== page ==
We urge FHFA to extend an enforceable Right to Organize based on Part 245, to all properties with GSE backed mortgages in the future.
While Part 245 rights are strong on paper, HUD enforcement has been almost non-existent, despite widespread violations. We urge FHFA to establish an enforcement protocol applying to future FHFA assisted properties, including fines for Owner/Agent violations of tenants’ rights. LOFTE can share with FHFA detailed enforcement recommendations with suggested fines for common violations of the right to organize. FHFA should create an internal Enforcement Office to receive and investigate complaints and assess fines where warranted.
2. Outlaw discrimination based on Source of Income. Nationwide, landlord refusal to rent to low income renters with Section 8 Vouchers, or to accept Emergency Rental Assistance, is an obvious surrogate for discrimination against renters of color, women with children, and people with disabilities. Only a few jurisdictions have local laws prohibiting discrimination on the basis of Source of Income, and enforcement is often lagging. A national standard with strong enforcement provisions would go a long way toward ensuring that renters with Vouchers are able to find a home. In tight markets in particular, Voucher rejections prevent many people from finding an apartment within the 4 to 6 month time window and result in people losing their voucher and/or becoming homeless. A strong national standard is needed.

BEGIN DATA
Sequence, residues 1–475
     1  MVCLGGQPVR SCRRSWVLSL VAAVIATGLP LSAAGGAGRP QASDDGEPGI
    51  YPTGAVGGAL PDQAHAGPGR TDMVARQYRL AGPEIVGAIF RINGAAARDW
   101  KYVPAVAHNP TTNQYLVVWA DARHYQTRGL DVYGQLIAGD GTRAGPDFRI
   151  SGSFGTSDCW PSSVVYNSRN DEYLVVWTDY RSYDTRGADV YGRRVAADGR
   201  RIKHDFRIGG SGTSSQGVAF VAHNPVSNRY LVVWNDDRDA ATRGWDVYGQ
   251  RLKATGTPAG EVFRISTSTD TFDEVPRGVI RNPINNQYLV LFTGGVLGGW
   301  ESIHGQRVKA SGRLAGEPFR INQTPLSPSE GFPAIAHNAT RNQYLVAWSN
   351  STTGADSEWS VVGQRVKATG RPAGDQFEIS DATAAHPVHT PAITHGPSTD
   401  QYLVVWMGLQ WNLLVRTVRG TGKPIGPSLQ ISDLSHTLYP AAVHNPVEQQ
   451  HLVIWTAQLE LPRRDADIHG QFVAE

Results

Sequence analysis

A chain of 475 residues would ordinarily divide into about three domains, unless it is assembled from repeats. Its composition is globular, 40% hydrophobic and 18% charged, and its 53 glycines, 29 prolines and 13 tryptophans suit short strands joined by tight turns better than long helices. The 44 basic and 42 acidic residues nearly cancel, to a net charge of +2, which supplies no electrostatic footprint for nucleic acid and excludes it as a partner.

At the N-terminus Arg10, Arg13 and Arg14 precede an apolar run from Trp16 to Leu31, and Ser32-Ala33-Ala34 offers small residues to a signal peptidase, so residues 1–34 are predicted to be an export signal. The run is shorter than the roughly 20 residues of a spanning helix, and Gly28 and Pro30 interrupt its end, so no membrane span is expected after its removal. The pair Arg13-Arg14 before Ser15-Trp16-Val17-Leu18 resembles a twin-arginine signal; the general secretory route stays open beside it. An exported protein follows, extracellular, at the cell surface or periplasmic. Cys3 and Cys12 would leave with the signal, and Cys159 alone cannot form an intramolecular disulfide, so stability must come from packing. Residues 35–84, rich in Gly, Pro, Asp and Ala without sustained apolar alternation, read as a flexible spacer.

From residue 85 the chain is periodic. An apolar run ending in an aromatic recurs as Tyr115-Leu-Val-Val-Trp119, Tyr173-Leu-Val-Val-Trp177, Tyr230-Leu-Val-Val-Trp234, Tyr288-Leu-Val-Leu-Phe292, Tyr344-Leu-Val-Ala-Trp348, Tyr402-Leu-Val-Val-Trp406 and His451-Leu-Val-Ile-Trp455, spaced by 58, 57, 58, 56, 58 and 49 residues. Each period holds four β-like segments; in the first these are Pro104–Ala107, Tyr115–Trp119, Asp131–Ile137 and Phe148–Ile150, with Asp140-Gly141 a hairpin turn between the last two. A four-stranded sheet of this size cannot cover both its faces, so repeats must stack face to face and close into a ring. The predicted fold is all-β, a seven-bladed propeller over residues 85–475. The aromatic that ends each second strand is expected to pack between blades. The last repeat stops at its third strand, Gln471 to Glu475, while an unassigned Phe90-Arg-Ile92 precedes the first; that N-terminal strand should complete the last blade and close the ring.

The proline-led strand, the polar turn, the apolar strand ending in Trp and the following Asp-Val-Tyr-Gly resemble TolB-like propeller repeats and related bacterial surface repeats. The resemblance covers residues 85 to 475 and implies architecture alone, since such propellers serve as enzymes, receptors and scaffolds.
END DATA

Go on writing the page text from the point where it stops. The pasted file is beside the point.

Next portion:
3. Provide Just Cause for Eviction. Providing Just Cause for Eviction for tenants is crucial to maintaining housing stability, especially for lower income households. Tenants should not live in fear of arbitrary, “no cause” evictions, and should have a right to remain in their homes when leases expire and they are able to meet reasonable landlord terms for renewal.
HUD Multifamily housing tenants have had Just Cause for Eviction in Project Based Section 8 leases with 1.2 million families for many years. It has worked well for decades to provide housing stability for low income families, and large corporate owners have accepted this standard. If it has worked for the tenants represented by the LOFTE Network, it can work for others in privately-owned housing.
Moreover, the national eviction ban during the COVID emergency, coupled with Emergency Rental Assistance, saved millions from arbitrary evictions and showed what national just cause standards could do to dramatically improve housing stability. We urge FHFA to extend Just Cause protections as well, to future rental property with FHFA mortgage backed securities.
4. Prohibit Rent Gouging. Related to Just Cause, landlords in FHFA assisted properties should be limited to reasonable rent increases upon turnover, to improve housing stability, particularly for vulnerable lower income tenants. This will also help curb the large corporate speculative investors who have been buying up rental properties, including former owner-occupied foreclosed buildings, some offered for sale by federal agencies and often with FHFA backed mortgages.